All eyes on yet another AKB48 annual popularity 'election'
TOKYO (Kyodo) -- Just as Prime Minister Yoshihiko Noda's Cabinet reshuffle was making headlines, some in Japan were gearing up for a closely watched "election" this week -- not in the political realm, but in the pop world as fans pick their favorites from the all-girl idol group AKB48 in a popularity poll.
The frenzy over the group's annual event is arguably almost on par with that of a real political election. Their latest single, "Manatsu no Sounds Good!" which came with ballots for the popularity vote, sold a record-breaking 1.17 million copies on its first day of release, according to music information company Oricon Inc.
In an era of sluggish CD sales, AKB48, now with more than 60 members, cruised with ease to its 7th consecutive million-seller single.
In reference to such sales statistics, many in the entertainment industry attribute the "abnormal figures," as one record company official describes them, to the fact that many AKB48 hardcore fans buy dozens or even hundreds of copies of the same CD for the extra ballots to help boost their favorite member's ranking, or for more lottery tickets to win a chance to a "handshake event" to meet that favorite member in person.
"One gets to actually be in touch with the top idols of the time, well of course that's an almighty sales point," a showbiz source said with a sigh of admiration.
On the other hand, some experts note that the pop idol group is steadily winning a broader mainstream audience -- beyond its initial core fan base of adult men plugged into Tokyo's subculture mecca Akihabara, for which AKB is supposed to stand.
"We started to see more female fans from around the time they released the single "Heavy Rotation" in 2010 and (AKB48 songs) began to find their way into the top spots in karaoke rankings," music analyst Takashi Usui said of the spread of the group's popularity.
When the group debuted in 2005 under the concept of "idols you can go meet," they only had an audience of seven people at their first performance. Now, not a day goes by without seeing the girls' faces on television shows and in magazines.
"AKB48 is constantly evolving," said Yasushi Akimoto, the group's producer and mastermind of the unique business model. "I too am looking forward to (the election results) to see what the fans desire."
Akimoto's ingenious strategy is the key behind the group's success. Instead of perfected superstar looks, the girls are rather ordinary looking and their strenuous efforts in striving to become an idol is apparently the recipe for winning the hearts of men as well as the affinity of women.
By launching localized sister groups in other cities in Japan, such as the SKE48 in Nagoya, NMB48 in Osaka and HKT48 in Fukuoka, Akimoto succeeded in further raising public interest. Recently, he has even ventured overseas, establishing the Jakarta-based JKT48 and Shanghai-based SNH48.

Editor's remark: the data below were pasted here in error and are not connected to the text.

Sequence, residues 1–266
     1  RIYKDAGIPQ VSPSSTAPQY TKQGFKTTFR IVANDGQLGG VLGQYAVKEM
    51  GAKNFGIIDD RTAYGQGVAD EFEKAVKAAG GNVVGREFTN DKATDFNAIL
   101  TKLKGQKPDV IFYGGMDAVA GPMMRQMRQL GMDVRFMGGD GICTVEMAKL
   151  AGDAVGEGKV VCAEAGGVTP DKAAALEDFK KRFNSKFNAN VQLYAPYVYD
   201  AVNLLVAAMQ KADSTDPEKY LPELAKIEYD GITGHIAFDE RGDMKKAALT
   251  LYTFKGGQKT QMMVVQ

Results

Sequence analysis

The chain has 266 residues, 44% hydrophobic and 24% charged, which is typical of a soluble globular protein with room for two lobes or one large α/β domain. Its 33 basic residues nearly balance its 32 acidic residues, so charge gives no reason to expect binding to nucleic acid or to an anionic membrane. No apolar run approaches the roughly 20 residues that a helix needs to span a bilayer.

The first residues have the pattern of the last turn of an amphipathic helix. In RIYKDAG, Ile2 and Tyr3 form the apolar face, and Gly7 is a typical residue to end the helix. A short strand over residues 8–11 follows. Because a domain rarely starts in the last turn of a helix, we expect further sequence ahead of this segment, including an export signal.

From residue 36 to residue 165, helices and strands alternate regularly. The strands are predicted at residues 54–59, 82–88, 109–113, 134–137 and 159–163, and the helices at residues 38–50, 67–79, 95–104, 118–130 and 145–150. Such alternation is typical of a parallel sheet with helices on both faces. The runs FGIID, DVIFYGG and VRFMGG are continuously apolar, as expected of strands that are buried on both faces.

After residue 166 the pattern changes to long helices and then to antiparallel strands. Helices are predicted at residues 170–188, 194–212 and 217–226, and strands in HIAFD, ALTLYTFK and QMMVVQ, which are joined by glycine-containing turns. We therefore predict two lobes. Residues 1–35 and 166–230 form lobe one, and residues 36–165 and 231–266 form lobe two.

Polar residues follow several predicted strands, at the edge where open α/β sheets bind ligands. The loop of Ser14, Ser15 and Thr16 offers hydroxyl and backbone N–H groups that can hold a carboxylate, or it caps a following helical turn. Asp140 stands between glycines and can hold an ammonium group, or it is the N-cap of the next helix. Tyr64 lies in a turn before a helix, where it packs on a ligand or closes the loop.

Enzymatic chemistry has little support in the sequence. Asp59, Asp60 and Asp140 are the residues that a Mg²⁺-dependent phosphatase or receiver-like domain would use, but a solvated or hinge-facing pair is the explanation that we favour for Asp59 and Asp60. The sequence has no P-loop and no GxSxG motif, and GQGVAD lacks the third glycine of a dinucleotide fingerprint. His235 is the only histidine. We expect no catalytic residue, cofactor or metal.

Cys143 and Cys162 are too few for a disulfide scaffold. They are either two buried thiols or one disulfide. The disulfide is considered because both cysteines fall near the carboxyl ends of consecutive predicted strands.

Aggressive marketing includes not only having AKB48 members appear in a broad range of company commercials, but also in government campaigns, from being goodwill ambassadors to suicide prevention poster figures.
Akimoto's business model also utilizes social media channels such as Google+ to expand the fan base by enabling its members to "meet" the idols via internet.
"To begin with, idols have always fared well in times of recession," said Jobu University professor Hidetomi Tanaka, author of the book "The Economics of AKB48."
"After the first oil crisis (in 1973) there was Momoe Yamaguchi, and following the second oil shock (in 1979) came Seiko Matsuda," Tanaka said, referring to two of the most revered female idols in postwar Japanese pop. He also cited Morning Musume, another all-girls idol group, as a more recent example during an economic slump.
"Pseudo-love doesn't cost that much money," he reasoned, saying the AKB48's overwhelming popularity is likely to remain for some time.
But some critics in the industry warn that the craze may subside rapidly all of a sudden.
"For fans nowadays, it probably feels more like participating in a game of raising and nurturing idols," a source in the music industry said, referring to how fans no longer only pursue the idols on stage but also know all the detains behind the scenes.
With Atsuko Maeda, winner of the annual votes in 2009 and 2011, set to leave the group in late August, attention will be on who will win the most support from fans to become AKB48's new No.1 girl and earn the privilege to be the center performer in performances -- until next year's vote, that is.
In Wednesday's election, to be held at the Nippon Budokan gymnasium in Tokyo, the top ranked vote-winners will get to appear in the next AKB48 single. The ballot-counting event will be broadcast live on Fuji Television.
June 05, 2012(Mainichi Japan)